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Diseases

Genetic and Rare Diseases Information Center (GARD)

Juvenile polyposis syndrome


Other Names for this Disease
  • Hamartomatous intestinal polyposis
  • JIP
  • JPS
  • Juvenile gastrointestinal polyposis
  • Juvenile intestinal polyposis
See Disclaimer regarding information on this site. Some links on this page may take you to organizations outside of the National Institutes of Health.

Overview

Juvenile polyposis syndrome (JPS) is a disorder characterized by having a susceptibility to developing hamartomatous polyps in the gastrointestinal (GI) tract. A hamartomatous polyp is a benign (noncancerous) tumor-like malformation made up of an abnormal mixture of cells and tissues. In JPS, these polyps can occur in the stomach, small intestine, colon, and rectum. The term "juvenile" refers to the type of polyp and not the age at which the polyps develop.

Most people with JPS have some polyps by the age of age 20. The number of polyps in affected people vary. While some people may have only four or five polyps over their lifetime, others (even in the same family) may have more than 100. If the polyps are left untreated, they can result in bleeding and anemia. Most juvenile polyps are benign, although over time they can become cancerous. In families with JPS, the risk for developing a GI cancer ranges from 9% to 50%. Most of this risk is due to colon cancer. The incidence of colorectal cancer in people with JPS is 17%-22% by the age of 35 and as high as 68% by the age of 60. Cancers of the stomach, upper GI tract, and pancreas have also been observed. To date, mutations in two genes are known to cause JPS: BMPR1A and SMAD4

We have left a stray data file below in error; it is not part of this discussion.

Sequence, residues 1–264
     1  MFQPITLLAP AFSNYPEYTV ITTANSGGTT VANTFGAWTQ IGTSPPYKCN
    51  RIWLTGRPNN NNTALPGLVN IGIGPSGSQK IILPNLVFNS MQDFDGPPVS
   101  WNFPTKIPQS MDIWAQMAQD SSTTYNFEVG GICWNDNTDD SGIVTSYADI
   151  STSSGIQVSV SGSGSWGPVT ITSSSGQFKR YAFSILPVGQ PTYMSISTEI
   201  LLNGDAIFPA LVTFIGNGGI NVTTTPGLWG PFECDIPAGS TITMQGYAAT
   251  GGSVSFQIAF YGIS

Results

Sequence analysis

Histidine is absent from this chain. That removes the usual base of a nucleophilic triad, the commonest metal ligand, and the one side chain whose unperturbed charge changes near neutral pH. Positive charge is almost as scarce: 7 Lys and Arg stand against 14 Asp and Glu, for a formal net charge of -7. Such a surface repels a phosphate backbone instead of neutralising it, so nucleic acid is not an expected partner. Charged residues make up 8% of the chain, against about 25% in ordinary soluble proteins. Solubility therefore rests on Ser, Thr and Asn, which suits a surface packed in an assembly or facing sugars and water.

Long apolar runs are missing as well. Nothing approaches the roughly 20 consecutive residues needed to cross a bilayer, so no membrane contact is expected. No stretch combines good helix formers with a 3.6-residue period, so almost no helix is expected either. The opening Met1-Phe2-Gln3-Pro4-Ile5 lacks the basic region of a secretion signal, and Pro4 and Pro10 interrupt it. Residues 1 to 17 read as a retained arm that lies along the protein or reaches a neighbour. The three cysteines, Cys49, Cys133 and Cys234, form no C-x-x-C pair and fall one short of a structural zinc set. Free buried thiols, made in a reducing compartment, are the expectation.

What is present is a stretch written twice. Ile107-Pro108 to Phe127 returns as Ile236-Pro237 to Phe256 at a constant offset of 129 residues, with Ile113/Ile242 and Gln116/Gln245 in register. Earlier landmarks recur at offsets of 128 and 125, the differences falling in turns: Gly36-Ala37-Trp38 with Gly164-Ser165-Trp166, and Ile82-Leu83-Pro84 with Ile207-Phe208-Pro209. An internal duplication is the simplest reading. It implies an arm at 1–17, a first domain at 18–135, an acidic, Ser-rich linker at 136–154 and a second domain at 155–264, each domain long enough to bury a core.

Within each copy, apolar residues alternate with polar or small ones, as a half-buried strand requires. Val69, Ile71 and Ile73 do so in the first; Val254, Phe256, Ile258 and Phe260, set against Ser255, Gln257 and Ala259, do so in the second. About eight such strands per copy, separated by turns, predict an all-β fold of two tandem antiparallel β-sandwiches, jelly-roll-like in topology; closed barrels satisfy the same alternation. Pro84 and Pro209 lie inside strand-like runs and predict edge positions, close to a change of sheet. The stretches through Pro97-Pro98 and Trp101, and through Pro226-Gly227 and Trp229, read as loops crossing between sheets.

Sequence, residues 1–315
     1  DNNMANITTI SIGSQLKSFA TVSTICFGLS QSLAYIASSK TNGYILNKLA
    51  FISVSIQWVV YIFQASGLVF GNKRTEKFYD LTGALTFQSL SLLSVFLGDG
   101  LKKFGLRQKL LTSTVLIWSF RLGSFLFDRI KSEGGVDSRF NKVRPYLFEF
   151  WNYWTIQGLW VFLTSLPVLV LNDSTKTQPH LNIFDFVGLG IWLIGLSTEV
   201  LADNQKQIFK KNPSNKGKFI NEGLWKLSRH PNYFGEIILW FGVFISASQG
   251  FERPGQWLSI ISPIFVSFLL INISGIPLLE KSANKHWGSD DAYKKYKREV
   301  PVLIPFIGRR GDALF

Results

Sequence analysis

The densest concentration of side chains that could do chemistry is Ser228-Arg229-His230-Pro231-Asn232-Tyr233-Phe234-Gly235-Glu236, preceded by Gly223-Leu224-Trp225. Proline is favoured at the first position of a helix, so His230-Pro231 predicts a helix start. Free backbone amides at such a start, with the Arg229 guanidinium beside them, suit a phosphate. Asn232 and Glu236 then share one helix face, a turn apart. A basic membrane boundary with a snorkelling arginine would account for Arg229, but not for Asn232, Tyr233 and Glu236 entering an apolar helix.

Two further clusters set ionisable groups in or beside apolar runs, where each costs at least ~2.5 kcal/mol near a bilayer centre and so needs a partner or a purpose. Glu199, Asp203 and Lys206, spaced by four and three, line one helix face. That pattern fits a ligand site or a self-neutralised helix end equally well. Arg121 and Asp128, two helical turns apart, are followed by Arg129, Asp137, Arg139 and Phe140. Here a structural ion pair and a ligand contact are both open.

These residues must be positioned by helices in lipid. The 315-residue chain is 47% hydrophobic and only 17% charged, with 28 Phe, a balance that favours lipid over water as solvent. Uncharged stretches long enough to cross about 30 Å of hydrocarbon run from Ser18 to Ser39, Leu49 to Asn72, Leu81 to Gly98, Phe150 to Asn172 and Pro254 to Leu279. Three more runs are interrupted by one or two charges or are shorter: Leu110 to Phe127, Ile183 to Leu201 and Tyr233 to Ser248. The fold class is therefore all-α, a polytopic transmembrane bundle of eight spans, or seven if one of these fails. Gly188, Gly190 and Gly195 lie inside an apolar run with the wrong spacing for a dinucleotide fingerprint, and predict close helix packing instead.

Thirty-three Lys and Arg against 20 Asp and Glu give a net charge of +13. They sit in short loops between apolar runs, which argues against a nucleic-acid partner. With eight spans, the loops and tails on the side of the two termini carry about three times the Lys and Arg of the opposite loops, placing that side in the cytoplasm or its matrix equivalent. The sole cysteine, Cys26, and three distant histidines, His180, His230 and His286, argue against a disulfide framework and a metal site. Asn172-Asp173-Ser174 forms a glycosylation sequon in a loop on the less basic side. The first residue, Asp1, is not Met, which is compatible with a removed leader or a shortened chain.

Management of JPS includes routine colonoscopy with removal of any polyps to reduce the risk of bleeding, intestinal obstruction, and colon cancer. When the number of polyps is large, removal of all or part of the colon or stomach may become needed. Additional screening can include upper endoscopy, complete blood count, and monitoring for symptoms such as rectal bleeding and/or anemia abdominal pain, constipation, diarrhea, or change in stool size, shape, and/or color. [1] [2]
Last updated: 5/11/2015

References

  1. Larsen Haidle J and JR Howe. Juvenile Polyposis Syndrome. GeneReviews. 05/22/2014; http://www.ncbi.nlm.nih.gov/books/NBK1469/. Accessed 5/11/2015.
  2. Juvenile polyposis syndrome. Genetics Home Reference (GHR). 10/2013; http://ghr.nlm.nih.gov/condition/juvenile-polyposis-syndrome. Accessed 5/11/2015.
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Basic Information

  • Genetics Home Reference (GHR) contains information on Juvenile polyposis syndrome. This website is maintained by the National Library of Medicine.

In Depth Information

  • Online Mendelian Inheritance in Man (OMIM) is a catalog of human genes and genetic disorders. Each entry has a summary of related medical articles. It is meant for health care professionals and researchers. OMIM is maintained by Johns Hopkins University School of Medicine. 
  • Orphanet is a European reference portal for information on rare diseases and orphan drugs.  Access to this database is free of charge.
    Orphanet
    Orphanet
  • PubMed is a searchable database of medical literature and lists journal articles that discuss Juvenile polyposis syndrome. Click on the link to view a sample search on this topic.
Other Names for this Disease
  • Hamartomatous intestinal polyposis
  • JIP
  • JPS
  • Juvenile gastrointestinal polyposis
  • Juvenile intestinal polyposis
See Disclaimer regarding information on this site. Some links on this page may take you to organizations outside of the National Institutes of Health.